What do you do when another kid hits your child on the playground?

How do you respond when you see another kid hit your child?

28  Answers

11 3

I remain calm and I watch how my daughter responds. It's really her lesson. Of course, if it's with a crow bar, then mama bear's coming...

10
4 7

I kind of agree but I think that depends a great deal on the age differences of the children

View More
3 46

It depends on the situation. If you have been watching the children interacting you will know what caused the hitting. Usually when a child hits it's for a reason. maybe your child isn't sharing or wasn't very nice. It's never appropriate to hit even when provoked, but my reaction would be different if the hitting was unprovoked in any way, then if it was. I would normally say something like 'please don't hit', and if it was provoked I would also add for my own child's sake that 'we need to share'. What drives me crazy is when my child has retaliated by hitting another child after this child has repeatedly teased him and bullied him and the parents of the other child are not paying any attention until their child gets hit and then comforts their child as if it's all my child's fault. As I said, my child is still wrong for hitting even though he was provoked, but the teasing needs to be addressed too.

8
2 0

I don't agree with there is always a resin behind hitting. I am a preschool teacher and believe me often children who has done nothing gets smacked by other children. In a matter of fact my daughter would always share or play along nicely and her little friend ALWAYS hits her, takes everything off from her or push her. And all that for no reason. Maybe because my little one doesn't stand up for herself or not sure why. Or maybe because the friend is a few months older and size wise bigger than my girl.

View More
1 0

Well.. I am that mother who is actually interacting with my kids at the park instead of playing around on my phone like some others, so I do see everything that goes on. if my child hits another child, I pull him aside and have a little talk and make him appologize to the child. If it happens again.. We pack up and go home. If another child hits my kid, I go to him and tell him not to hit and I tell my child that if they hit again, to defend yourself and hit them back if necessary. I know that might not sound right, but I have encountered several kids over the years who are bullies and who are not being watched properly. So sometimes you just have to let your kids handle it. If the problem comtinues.. I go have some unpleasant words with the parent.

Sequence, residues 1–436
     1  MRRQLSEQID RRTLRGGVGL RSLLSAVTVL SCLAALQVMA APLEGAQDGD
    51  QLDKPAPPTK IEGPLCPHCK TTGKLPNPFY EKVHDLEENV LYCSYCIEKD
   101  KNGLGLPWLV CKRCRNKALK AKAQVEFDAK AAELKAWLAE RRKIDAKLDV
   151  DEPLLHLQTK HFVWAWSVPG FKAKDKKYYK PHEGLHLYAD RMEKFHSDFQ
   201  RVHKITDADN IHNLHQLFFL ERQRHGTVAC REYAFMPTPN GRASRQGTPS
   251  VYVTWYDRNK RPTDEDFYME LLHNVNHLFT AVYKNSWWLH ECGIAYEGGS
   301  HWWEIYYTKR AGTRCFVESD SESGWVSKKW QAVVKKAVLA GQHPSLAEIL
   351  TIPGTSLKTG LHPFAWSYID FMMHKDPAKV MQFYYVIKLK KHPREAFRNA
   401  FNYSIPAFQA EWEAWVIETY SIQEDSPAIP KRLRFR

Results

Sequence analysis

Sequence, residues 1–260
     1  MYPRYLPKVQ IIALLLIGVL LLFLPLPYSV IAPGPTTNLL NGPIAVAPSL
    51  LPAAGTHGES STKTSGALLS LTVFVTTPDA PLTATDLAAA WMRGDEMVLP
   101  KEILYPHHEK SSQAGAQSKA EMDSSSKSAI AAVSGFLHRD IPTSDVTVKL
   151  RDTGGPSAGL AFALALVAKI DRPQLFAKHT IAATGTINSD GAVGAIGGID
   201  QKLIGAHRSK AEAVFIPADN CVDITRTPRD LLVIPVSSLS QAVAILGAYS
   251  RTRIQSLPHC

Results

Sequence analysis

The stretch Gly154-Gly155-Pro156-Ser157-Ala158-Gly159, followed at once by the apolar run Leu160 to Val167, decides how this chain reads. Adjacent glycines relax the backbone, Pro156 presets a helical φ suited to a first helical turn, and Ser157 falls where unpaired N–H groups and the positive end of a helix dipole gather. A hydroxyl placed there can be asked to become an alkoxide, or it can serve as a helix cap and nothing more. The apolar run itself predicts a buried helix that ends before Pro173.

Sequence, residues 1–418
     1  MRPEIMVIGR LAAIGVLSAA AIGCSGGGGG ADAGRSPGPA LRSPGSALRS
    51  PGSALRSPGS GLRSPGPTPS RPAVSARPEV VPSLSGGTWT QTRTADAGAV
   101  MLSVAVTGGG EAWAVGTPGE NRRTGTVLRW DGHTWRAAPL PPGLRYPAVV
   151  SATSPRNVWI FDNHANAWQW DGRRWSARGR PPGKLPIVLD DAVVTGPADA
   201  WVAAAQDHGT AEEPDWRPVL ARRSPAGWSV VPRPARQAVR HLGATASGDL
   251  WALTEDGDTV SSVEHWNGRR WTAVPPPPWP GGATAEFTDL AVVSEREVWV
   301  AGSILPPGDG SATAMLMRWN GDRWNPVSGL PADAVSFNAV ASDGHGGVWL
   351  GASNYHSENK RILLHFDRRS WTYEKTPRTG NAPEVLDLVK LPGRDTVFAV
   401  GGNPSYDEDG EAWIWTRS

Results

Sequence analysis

6
227 34

I interact with my kids too, and I dont even own a phone to play around with but have seen that on several occasions. Fortunately, neither of my children have ever hit another child, but if they did I would react the same, tell them its not nice and not to do it, and frankly it would be embarrassing. When kids take toys from my child, she responds `hey, that`s not nice, play fair, have fun, do whats best for everyone` If the child is clearly being a bully, I would step in, but personally, I want to know she can handle it maturely without my intervention, so she`s safe at school and at other social functions. I wouldn't go as far to teach my child to hit back, because that sends mixed messages of the acceptability of hitting. If she were to hit another person for hitting her and then gets attacked, say high up in a children's play gymnasium, then what, climb all the way up and try to save her before she receives a black eye, or worse is pushed off a play structure? I want her to know to walk away from bullies, go tell an adult, and tell them its not nice. An eye for an eye can only go so far in social development. Its good for them to learn to weigh their choices without violence being one of them.

View More
4 7

I'm always interacting with my 2 1/2 year old and other kids at the park/play place. If I see another child hit my son, I'll tell him nicely that it's not nice to hit and someone could get hurt. If I see it occur again, I would approach the parent/s. If it yet again occured, I would tell my son to defend himself. It is not the nicest thing to do but if he keeps letting children hit him now, he will never stand up to bullies come school time.

I see perents in these situations where their child is getting hit at the park and they pull their children out of the situation, make their child leave because they are being bullied. They are behaving, having a good time playing. Why should they be forced to leave because another child is misbehaving???

5
2 0

I agree with your point. I would tell my daughter to learn protect herself and avoid of getting hurt first, and if the one hitting her always. I think leave is not a right choice, just defence. it is a fair play if parents not getting involved. but as reponsibile parent we need to avoide this happy.

View More